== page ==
This recipe from Southern Living provides a tasty and unique use for apples and sweet potatoes. There are several liberties that can be taken with the ingredients (I used half of the called for refrigerated pie crust, none of the orange juice and much less of the sugar, for example). A dollop of freshly whipped cream really brings this one home!
Is there a difference between sweet potatoes and yams? Why yes, yes there is. For the purposes of our site, we tag recipes with Sweet Potatoes and Yams and unless otherwise noted in the recipe posts, they can be used interchangeably in the recipes presented. Since there is a difference, let’s see if we can clear things up.
A true yam is a starchy edible root of the Dioscorea genus, and is generally imported to America from the Caribbean. It is rough and scaly and very low in beta carotene.
Depending on the variety, sweet potato flesh can vary from white to orange and even purple. The orange-fleshed variety was introduced to the United States several decades ago. In order to distinguish it from the white variety everyone was accustomed to, producers and shippers chose the English form of the African word “nyami” and labeled them “yams.”
Even though the USDA requires that orange-colored sweet potatoes always be labeled “sweet potato,” most people still think of sweet potatoes as yams regardless of their true identity.
Here is what we have put together for you from CSA365:
These tubers have a rough brown skin with a sweet orange flesh. Look for sweet potatoes that are firm.
Scrub the sweet potatoes skin well or peel before using them. Sweet potatoes can be boiled, bake or even microwave them until tender. Recent studies have shown that keeping baking temperatures low when cooking sweet potatoes helps to maximize the sweetness. Keep temperatures between 325 degrees and 340 degrees.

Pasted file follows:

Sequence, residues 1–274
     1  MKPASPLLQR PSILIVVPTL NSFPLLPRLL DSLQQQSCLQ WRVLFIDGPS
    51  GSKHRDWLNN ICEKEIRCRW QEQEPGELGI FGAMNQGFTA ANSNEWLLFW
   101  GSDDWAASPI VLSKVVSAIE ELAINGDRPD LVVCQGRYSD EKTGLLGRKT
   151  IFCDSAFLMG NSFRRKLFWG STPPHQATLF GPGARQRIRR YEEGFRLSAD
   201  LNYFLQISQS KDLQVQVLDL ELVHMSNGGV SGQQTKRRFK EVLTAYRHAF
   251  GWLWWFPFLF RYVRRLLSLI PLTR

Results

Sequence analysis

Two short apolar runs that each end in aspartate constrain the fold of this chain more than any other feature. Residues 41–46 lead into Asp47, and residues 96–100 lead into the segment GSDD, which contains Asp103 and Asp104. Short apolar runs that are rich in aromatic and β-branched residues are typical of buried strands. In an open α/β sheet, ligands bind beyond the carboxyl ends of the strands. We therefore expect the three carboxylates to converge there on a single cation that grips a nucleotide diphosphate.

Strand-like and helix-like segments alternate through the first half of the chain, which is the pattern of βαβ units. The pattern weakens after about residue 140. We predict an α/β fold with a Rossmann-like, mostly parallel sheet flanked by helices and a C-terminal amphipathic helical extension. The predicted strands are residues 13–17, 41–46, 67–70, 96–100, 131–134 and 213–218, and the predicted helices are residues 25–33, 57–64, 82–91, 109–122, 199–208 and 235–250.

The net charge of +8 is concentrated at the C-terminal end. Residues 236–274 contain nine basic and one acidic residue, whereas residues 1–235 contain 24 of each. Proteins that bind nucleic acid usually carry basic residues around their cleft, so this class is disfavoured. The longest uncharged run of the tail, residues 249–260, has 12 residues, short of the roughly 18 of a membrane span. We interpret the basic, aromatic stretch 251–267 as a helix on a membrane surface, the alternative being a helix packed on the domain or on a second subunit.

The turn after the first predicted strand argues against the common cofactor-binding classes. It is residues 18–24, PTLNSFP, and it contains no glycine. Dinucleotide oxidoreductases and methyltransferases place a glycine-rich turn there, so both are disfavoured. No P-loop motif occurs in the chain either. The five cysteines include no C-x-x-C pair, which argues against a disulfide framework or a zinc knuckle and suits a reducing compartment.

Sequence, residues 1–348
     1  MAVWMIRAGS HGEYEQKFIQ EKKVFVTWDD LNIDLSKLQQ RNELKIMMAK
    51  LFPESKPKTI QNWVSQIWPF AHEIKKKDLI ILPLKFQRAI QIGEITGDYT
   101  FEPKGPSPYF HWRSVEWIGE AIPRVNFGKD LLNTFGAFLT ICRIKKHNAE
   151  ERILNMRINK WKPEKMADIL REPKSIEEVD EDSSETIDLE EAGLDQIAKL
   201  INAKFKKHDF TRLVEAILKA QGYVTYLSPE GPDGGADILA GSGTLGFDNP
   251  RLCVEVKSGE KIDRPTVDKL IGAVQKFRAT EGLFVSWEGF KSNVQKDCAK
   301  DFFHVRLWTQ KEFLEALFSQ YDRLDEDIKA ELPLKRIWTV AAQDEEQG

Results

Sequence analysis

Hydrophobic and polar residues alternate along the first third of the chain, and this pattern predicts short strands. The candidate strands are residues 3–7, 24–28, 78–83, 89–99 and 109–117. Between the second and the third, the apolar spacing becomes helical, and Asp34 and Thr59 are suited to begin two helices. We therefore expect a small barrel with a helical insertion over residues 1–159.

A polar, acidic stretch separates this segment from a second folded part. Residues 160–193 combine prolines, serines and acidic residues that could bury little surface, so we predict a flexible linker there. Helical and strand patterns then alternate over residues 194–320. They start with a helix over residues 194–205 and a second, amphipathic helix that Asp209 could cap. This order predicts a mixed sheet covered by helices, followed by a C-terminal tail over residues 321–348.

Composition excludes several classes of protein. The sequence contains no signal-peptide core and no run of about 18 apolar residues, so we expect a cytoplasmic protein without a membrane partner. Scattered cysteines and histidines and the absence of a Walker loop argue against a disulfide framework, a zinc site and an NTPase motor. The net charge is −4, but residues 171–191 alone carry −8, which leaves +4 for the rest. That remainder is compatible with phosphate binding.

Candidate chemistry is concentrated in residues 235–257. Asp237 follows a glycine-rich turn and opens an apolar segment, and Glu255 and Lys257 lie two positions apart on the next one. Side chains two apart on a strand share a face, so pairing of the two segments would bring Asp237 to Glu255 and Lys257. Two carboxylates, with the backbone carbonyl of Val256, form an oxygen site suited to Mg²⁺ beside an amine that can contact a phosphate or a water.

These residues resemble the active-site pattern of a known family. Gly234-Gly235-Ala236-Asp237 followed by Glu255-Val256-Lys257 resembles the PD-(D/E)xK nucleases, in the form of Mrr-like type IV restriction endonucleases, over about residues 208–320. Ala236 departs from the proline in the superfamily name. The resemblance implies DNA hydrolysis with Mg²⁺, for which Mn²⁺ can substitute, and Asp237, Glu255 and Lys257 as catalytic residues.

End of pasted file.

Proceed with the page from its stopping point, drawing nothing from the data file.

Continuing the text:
Store your sweet potatoes at room temperature, or better yet, a cool dark cabinet or pantry is ideal. Sweet potatoes can store 3-6 months. A tip to help your sweet potatoes last longer is to individually wrap them in newspaper before storing.
Sweet potatoes are an excellent source of vitamin A. They also contain vitamin B6, C, thiamin, niacin, riboflavin, potassium, alpha and beta carotene, antioxidants, and fiber
Recipes Using Sweet Potatoes
This was the result of a creative moment, but I have no regrets about the way it turned out! Potatoes and/or sweet potatoes provide the starchy middle that keeps things together, and the asparagus provides the springy gimmick. The rest of the ingredients are pretty flexible, so make it your own and have fun!
If you’re looking for a way to get uninterested folks to eat sweet potato, look no further! This pie was gone in one sitting, with the young potato-haters coming back for seconds. I followed this basic recipe with a few tweaks, microwaving instead of boiling the sweet potatoes, and cutting the sugar back by about 1/4 cup. The mixture was a tiny bit chunkier than smooth, but i have no regrets, as the flavor of the sweet potato really popped!
From fellow food blogger Sherri at “To Simply Inspire”, this recipe has done just that! A healthy and hearty soup for sure! If you need to cut some time, microwaving the sweet potatoes instead of baking them helps, as well as sautéing the pepper and onion directly into your pot before adding the beans and broth. If going olde school, use 4 cups of homemade veggie broth in lieu of the carton. I served with avocado, lime wedges, and a dollop of sour cream.